Editor’s Note: We have the distinct privilege of running an excerpt from Jemar Tisby’s latest book, How to Fight Racism. We hope that you enjoy it and that you will purchase a copy at www.HowToFightRacism.com. Jemar is the founder of The Witness BCC and CEO of The Witness Inc. 

How to Fight Racism is an exercise in “prophetic imagination.” In the Hebrew Bible, “The prophets voice a world other than the visible, palpable world that is in front of their hearers.” Filled with visions of a new reality, the prophets encouraged “an act of imagination by word and image that evokes and hosts a world other than the one readily available.” Oppression puts limits on our ability to envision alternate realities. By spending time exploring strategies for change, we may be inspired to create new ways to remedy issues of racism. 

People of any race or ethnicity will find helpful suggestions and ideas in the chapters that follow. The dynamics of race affect people across the spectrum of color, creed, and country. While most of the examples apply specifically to Black-white racial dynamics, broad applications can be made to the prejudice that other groups experience as well.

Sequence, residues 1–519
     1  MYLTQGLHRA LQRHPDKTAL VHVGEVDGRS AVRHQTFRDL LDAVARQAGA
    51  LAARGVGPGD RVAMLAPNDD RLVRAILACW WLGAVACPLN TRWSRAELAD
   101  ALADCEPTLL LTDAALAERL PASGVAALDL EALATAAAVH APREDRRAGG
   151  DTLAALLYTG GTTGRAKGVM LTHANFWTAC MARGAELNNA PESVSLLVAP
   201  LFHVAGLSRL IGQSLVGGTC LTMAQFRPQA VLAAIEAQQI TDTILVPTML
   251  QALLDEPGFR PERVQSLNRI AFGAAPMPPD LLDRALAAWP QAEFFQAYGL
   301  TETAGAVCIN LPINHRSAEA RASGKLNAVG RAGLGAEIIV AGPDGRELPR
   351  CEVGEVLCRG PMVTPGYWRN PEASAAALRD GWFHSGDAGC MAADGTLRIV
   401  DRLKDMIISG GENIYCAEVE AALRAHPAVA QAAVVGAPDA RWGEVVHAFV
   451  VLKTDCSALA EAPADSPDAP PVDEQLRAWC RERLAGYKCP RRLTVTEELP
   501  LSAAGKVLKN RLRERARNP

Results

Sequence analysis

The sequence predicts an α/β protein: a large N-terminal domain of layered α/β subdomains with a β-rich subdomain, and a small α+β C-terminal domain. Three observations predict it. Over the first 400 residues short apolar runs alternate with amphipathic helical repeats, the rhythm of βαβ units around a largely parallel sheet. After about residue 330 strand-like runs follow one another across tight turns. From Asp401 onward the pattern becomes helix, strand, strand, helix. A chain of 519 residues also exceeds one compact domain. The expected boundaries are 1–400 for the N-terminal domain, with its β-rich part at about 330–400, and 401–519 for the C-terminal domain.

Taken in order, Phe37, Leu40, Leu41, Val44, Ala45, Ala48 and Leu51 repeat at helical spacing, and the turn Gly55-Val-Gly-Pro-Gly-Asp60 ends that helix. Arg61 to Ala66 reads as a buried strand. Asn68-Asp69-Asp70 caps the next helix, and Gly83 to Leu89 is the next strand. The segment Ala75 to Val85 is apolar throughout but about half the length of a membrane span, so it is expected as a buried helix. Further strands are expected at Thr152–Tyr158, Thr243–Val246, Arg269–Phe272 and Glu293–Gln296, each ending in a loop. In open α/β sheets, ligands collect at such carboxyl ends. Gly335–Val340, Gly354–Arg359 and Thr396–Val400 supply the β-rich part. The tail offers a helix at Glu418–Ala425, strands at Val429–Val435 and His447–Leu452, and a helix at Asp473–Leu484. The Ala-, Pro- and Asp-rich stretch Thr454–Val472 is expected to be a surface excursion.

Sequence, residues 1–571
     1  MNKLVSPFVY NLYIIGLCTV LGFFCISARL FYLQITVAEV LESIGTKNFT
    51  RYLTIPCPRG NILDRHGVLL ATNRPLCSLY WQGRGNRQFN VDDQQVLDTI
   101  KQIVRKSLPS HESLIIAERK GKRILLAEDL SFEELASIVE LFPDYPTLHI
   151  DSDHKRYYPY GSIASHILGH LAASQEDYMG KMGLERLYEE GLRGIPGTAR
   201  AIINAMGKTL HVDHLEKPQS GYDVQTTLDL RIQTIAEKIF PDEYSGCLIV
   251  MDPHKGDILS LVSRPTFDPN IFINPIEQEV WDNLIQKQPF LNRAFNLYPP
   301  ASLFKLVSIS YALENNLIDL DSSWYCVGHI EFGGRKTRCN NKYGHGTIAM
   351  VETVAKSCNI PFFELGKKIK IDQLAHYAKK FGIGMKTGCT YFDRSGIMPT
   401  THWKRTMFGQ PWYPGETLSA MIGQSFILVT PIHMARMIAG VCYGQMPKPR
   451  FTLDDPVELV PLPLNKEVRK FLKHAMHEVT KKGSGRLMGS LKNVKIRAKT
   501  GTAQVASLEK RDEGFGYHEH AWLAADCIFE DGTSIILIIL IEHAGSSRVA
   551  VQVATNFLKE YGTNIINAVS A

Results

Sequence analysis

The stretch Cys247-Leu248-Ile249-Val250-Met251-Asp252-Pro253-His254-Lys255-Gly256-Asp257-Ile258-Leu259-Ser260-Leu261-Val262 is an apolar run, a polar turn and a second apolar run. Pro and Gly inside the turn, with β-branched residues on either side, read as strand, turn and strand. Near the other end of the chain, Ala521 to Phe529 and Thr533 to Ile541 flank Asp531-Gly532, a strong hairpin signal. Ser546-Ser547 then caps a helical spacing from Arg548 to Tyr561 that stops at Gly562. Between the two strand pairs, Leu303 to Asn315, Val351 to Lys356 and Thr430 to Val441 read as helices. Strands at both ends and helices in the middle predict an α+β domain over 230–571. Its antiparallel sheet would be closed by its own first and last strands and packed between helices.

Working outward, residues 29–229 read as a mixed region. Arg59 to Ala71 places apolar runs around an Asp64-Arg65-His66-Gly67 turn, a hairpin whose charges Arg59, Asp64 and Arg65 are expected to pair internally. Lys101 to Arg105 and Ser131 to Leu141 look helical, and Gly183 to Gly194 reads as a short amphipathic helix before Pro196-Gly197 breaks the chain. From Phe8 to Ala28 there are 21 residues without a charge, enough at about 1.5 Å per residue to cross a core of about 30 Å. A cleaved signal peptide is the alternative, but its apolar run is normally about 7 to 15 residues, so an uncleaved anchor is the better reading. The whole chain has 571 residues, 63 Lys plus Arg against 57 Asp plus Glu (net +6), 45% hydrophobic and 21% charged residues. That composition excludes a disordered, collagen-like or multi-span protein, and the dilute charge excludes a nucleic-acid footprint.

To be clear, this book is not a how-to manual for forming multiethnic churches or increasing the racial diversity of communities of faith. Although some of the practices therein will produce greater diversity, I wrote How to Fight Racism to encourage people to go beyond the doors of the church and into society where so much of racism resides. The practical suggestions include things like political involvement, education reform, and expanding voting rights. The truth is that the racial segregation we see on Sunday is downstream from the racial segregation we tolerate from Monday through Friday. As such, fighting racism has to be something that goes beyond a once-a-week service. It must become habit, practice, and disposition.